Dealing with inappropriate behavior
Some things to look out for during conferences and network events for scientists (or any other fields really) that are, no matter your gender or identity, NOT OKAY.
1. Accidental touching: e.g. a rub of the arm on your bum (passing you by), their arm that’s close to the side of your breast, the squeeze or poke in your abdomen or back, touching of hair, hand or legs.
2. Asking for your private or specific information (e.g. none work email/phone number, which hotel room are you in?)
3. Compliments that appear nice but that could be out of line. “Everyone would want to work with you”; “must be lots of late nights together in the lab?”
4. Comments that belittle, discredit or are simply not true. “You cannot have done this by yourself”; “that can’t be right”.
These are perhaps the most prevalent, but the list can go on.
No matter the person, with its reputation, is worth your dignity. You always deserve to be treated with respect. Allowing/tolerating this behavior in order to have some kind of work relationship is most likely not worth it: if they don’t respect you now or see you professionally, will they be in your future collaboration?
What best to do? Of course, things can happen by accident or are never intended, be mindful that the person does not want to harm you, and it was a mistake. In doubt? Just acknowledge that you feel uncomfortable with the contact you are having and ask someone to stand with you or change the subject. Consider social/cultural customs could be at play innocent or something evoked then (alcohol, clothing: still no excuse). Also, observe whether the person does this to others as well, otherwise:
1. React by saying: ‘please do not touch me (again)’. Ask the person: ‘who are you again and what is their affiliation?’ (wait for an answer, take time to note it down) and warn ‘do not touch me again, or I will speak up about this or I will report to (find out who best to contact, e.g. supervisor, pi, university councilor, management of event etc.) The best is someone with authority that can ask the person to leave the premises. Can’t say anything? Reposition yourself in a way so that touching is no longer possible. Don’t stand next to the person but in front, or stand next to the person but at arms length distance (step away). Or just remove yourself. Ask a person you trust to keep an eye out to confirm that the touching can be avoided.
2. Give only information that is publicly available like the contact info of your university. Or it sometimes doesn’t hurt to say you in another place that doesn’t exist….:”I am in room 3b (which is the laundry hall).
3. ‘Sorry, I didn’t catch that, could you repeat?’ This makes sure the person consciously commits to the inappropriate behavior again). React by asking: This comment can be interpreted in many ways, how you do want me to interpret this? Whatever the response, you could clarify that the comment can be ‘wrong’ forgive and forget or see point 1.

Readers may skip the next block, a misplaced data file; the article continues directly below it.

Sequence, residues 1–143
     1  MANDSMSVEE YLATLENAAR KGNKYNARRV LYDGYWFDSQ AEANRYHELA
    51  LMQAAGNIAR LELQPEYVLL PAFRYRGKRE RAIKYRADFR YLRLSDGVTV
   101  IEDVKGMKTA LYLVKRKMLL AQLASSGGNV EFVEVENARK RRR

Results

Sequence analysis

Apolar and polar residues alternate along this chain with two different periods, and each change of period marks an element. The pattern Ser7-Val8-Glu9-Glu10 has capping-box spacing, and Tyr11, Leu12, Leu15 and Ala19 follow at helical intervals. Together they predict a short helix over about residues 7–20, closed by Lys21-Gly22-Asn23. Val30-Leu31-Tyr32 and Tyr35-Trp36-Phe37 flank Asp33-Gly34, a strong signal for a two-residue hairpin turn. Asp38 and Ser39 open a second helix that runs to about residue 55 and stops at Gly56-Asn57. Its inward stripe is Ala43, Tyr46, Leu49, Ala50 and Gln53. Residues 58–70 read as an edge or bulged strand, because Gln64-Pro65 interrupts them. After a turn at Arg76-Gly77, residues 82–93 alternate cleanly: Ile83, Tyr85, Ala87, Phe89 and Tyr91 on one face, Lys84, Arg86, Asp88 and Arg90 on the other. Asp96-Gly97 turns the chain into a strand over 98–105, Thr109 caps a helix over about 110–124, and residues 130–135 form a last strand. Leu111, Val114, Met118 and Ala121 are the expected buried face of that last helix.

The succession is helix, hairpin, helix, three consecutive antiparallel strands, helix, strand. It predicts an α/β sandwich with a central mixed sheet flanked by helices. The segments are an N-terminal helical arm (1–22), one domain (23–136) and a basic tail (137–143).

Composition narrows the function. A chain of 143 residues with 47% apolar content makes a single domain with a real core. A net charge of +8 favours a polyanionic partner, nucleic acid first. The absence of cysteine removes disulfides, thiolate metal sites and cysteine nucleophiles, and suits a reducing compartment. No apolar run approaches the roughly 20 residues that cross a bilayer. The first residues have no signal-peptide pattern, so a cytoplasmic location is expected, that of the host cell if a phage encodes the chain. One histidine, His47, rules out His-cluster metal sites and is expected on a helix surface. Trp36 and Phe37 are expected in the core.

4. Usually these comments overwhelm you and trigger a defense or startle response. Take a (few) deep breaths and give yourself time to respond by asking them to repeat their comment. You could react by saying, I disagree with you, and I can explain how/why. Or: ‘I did not appreciate your comment’ or just look them in the eye and say nothing: see how they respond. If you are okay with it (or open to listen to you) tell them you like to explain why. Invite someone who can attest to your situation to the conversation. But usually these people are not out there to hear you out and might not deserve your time. Remember that a lot of their ideas might be based on their biases or assumptions that are hard to change in one convo. But most importantly, enjoy the thought that they are so wrong about you.
Remember, most people are normal and respectful, but unfortunately, there are individuals ruining it for others. Always talk about what happened to someone you trust, dare to speak up (but dont public shame – stay professional so you are better than them!). Remember, some things are NOT OKAY, and change can only happen when it’s acknowledged and confronted with. Share your experiences, so others learn! Be courageous; this doesn’t make you weak; this can empower you for others to change.
Unfortunately, I have been in situations where questionable behavior was directed to me. I always gave the person the benefit of the doubt. But now, now that I feel a bit more confident about myself, I regret not confronting the person. The freeze/startle respond was because of fear. The build up of experiences are empowering me to stand up, confront. The fight respond is now because of the strength of my dignity. In the end, the questionable inappropriate behavior is not worth the worries and thoughts I had. In hindsight- I should have confronted and I have made myself the promise to change.